It was probably inevitable: the creation of Rubik's Cube-solving robots. Last year, two such mechanical gamesters were constructed: one by college students at the University of Illinois; another by engineers at Battelle's Pacific Northwest Laboratories.
They join several generations of chess-playing computers, swelling the ranks of game-playing machines which, perhaps, are the truest sign that the age of artificial intelligence has dawned.
Cubot, the Battelle creation, is the faster and more sophisticated of the two cube-playing robots. It can unscramble the cube in two to three minutes. While this is much faster than most humans can manage, it is well above the best human times, which are under 30 seconds.
Battelle's robot was assembled out of $7,000 worth of electronic components. It doesn't look anything like the fictional robots in ''Star Wars,'' but it rather resembles a three-dimensional letter ''U'' made of clear plastic and aluminum. It is 6 inches thick, 22 inches wide, and 17 inches high; weighs 70 pounds; and fits into a suitcase, says Robert Dyer, the head of the team of about 20 Battelle engineers who designed and built it.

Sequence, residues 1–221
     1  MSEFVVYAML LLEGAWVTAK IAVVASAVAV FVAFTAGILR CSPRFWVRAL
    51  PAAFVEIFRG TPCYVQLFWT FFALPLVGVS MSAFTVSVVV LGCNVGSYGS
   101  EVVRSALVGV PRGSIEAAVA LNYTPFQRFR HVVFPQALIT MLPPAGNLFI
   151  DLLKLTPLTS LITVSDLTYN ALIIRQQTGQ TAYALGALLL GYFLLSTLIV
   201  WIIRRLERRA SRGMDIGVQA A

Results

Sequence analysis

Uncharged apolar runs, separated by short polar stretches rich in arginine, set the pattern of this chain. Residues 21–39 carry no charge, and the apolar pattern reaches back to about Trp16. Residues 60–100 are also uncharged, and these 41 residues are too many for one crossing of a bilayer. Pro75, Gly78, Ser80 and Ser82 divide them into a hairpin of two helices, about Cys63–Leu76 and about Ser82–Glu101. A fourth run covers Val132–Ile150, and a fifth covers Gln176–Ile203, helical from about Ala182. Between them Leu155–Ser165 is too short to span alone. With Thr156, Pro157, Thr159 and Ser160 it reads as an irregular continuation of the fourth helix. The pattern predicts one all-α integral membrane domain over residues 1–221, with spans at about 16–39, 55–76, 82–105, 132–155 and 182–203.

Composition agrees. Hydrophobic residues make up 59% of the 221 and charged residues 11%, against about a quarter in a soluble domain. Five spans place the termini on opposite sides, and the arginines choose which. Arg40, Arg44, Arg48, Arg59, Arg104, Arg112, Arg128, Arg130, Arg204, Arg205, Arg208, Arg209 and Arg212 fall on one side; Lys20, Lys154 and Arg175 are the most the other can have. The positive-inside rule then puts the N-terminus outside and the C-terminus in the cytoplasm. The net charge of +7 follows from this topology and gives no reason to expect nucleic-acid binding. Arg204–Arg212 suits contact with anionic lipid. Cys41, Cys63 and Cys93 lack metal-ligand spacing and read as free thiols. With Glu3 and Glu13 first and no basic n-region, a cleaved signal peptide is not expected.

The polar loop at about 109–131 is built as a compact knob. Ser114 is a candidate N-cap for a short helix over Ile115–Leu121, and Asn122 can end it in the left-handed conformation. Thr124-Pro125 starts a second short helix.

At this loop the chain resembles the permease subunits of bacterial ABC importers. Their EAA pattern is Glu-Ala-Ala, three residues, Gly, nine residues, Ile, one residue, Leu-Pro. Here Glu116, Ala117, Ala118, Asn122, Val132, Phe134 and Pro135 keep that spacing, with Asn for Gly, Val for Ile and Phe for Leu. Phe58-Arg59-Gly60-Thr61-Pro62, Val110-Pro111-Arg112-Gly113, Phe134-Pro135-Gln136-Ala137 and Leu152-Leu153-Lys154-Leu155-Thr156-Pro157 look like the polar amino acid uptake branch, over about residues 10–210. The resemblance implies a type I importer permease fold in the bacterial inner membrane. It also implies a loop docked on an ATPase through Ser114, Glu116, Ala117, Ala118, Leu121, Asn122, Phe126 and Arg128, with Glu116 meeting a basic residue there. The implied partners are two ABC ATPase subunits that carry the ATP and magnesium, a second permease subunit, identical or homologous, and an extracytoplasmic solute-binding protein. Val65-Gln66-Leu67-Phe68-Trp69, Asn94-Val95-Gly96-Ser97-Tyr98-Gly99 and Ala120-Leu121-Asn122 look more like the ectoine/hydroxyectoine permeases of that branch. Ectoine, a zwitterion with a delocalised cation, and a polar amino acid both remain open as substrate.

''I had gotten a microprocessor chip in the mail and was wondering what I could do with it when the inspiration came,'' Mr. Dyer explains, when asked how he got the idea. ''It was just for fun. It was a chance to do something no one else had done. And, of course, I felt it would be a good public-relations demonstration of our capabilities,'' elaborates the engineer, who normally designs high-speed, automated inspection systems for military and industrial applications.
Cubot was strictly an extracurricular effort. The laboratory's only direct involvement was in purchasing the hardware. ''If you could buy this in Neiman-Marcus, it would probably cost $40,000 to $50,000,'' he figures.